It is little surprise, then, that his military colleagues would seek to tip the election in his favor just days before Egyptians head to the polls.

Egypt’s attempt at transition to democracy has been messy for sure. It has even been downright loathsome at times. But Egyptians must not be cowed into voting for Shafiq.

While a future under the Brotherhood is filled with uncertainty, that is what democratic elections are all about. Better, then, to vote for Morsi and have uncertainty about the future, than for Shafiq and to know what severe system of governance lies in wait.

Nathan Lean is the editor-in-chief of AslanMedia.com and a contributing writer on national politics and global affairs at PolicyMic. He is the co-author of “Iran, Israel, and the United States” and the author of "The Islamophobia Industry: How the Right Manufactures Fear of Muslims." Follow him on Twitter.
 

You've read  of  free articles. Subscribe to continue.

Dear Reader,

About a year ago, I happened upon this statement about the Monitor in the Harvard Business Review – under the charming heading of “do things that don’t interest you”:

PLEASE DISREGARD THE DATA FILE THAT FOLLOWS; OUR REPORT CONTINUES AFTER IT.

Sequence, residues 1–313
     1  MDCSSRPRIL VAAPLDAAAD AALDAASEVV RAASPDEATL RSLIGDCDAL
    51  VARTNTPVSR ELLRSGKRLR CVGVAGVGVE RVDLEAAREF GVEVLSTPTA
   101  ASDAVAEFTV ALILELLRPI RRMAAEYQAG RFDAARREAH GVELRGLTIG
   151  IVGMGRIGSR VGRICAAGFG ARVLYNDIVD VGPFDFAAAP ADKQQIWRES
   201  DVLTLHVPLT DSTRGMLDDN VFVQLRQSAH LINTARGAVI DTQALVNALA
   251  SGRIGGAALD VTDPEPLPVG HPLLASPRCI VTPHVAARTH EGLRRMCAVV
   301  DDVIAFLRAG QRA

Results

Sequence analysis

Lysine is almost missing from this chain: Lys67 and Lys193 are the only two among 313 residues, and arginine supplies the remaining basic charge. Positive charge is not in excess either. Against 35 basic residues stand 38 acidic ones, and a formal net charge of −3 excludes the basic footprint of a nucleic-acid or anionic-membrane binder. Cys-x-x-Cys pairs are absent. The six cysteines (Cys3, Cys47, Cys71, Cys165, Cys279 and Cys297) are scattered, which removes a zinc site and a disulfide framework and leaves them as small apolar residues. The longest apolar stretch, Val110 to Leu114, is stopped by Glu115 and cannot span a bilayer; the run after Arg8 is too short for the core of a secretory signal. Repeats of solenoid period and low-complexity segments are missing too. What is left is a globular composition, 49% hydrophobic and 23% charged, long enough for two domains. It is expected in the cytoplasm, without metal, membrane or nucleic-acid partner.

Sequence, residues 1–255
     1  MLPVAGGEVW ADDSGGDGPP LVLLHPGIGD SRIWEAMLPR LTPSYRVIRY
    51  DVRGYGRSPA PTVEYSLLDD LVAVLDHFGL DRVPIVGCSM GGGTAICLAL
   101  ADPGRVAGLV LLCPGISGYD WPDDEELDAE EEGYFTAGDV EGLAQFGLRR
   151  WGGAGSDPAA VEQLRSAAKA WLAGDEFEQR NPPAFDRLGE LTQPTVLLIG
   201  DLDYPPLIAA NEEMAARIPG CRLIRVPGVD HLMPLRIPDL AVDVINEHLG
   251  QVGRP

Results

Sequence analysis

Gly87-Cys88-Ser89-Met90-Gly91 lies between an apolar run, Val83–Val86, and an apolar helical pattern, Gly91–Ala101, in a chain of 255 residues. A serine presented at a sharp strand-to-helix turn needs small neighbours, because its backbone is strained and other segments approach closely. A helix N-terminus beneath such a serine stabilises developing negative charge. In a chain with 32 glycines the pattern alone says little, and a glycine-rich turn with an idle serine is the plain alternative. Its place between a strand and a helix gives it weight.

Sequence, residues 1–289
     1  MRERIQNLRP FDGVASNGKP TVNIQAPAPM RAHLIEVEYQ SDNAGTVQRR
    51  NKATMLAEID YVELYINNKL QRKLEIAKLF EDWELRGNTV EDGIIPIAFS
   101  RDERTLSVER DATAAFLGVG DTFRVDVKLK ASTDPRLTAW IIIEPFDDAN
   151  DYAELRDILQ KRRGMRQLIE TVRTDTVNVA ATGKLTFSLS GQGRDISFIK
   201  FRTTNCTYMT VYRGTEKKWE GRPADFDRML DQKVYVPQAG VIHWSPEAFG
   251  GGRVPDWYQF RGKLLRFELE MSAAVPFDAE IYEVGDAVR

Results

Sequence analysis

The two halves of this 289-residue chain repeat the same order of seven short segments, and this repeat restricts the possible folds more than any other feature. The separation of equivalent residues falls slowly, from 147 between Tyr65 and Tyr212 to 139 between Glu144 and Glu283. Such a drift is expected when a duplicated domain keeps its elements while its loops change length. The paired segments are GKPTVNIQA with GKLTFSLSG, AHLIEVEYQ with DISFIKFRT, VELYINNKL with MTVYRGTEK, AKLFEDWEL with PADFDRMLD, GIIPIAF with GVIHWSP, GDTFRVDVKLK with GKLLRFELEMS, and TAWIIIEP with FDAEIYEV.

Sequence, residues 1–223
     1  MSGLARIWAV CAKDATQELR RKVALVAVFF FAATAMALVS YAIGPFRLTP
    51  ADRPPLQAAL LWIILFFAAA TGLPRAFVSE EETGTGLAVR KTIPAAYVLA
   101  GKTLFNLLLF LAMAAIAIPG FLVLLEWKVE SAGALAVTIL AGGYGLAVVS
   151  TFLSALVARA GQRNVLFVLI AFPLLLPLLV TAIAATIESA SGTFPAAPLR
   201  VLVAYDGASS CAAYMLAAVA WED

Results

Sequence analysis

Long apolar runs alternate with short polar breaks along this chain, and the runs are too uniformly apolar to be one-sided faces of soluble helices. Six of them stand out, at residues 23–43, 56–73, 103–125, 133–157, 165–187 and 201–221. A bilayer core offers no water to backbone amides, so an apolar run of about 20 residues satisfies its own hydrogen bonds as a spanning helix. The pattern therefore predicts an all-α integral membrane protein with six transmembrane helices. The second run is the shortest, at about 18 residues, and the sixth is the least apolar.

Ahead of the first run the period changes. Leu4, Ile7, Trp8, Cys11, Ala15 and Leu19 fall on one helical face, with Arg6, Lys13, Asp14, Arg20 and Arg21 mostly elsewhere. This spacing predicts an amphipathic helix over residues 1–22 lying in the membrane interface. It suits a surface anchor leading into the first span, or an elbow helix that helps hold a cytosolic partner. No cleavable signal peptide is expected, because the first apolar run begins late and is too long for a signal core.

“Many things that end up” being meaningful, writes social scientist Joseph Grenny, “have come from conference workshops, articles, or online videos that began as a chore and ended with an insight. My work in Kenya, for example, was heavily influenced by a Christian Science Monitor article I had forced myself to read 10 years earlier. Sometimes, we call things ‘boring’ simply because they lie outside the box we are currently in.”

If you were to come up with a punchline to a joke about the Monitor, that would probably be it. We’re seen as being global, fair, insightful, and perhaps a bit too earnest. We’re the bran muffin of journalism.

But you know what? We change lives. And I’m going to argue that we change lives precisely because we force open that too-small box that most human beings think they live in.

The Monitor is a peculiar little publication that’s hard for the world to figure out. We’re run by a church, but we’re not only for church members and we’re not about converting people. We’re known as being fair even as the world becomes as polarized as at any time since the newspaper’s founding in 1908.

We have a mission beyond circulation, we want to bridge divides. We’re about kicking down the door of thought everywhere and saying, “You are bigger and more capable than you realize. And we can prove it.”

If you’re looking for bran muffin journalism, you can subscribe to the Monitor for $15. You’ll get the Monitor Weekly magazine, the Monitor Daily email, and unlimited access to CSMonitor.com.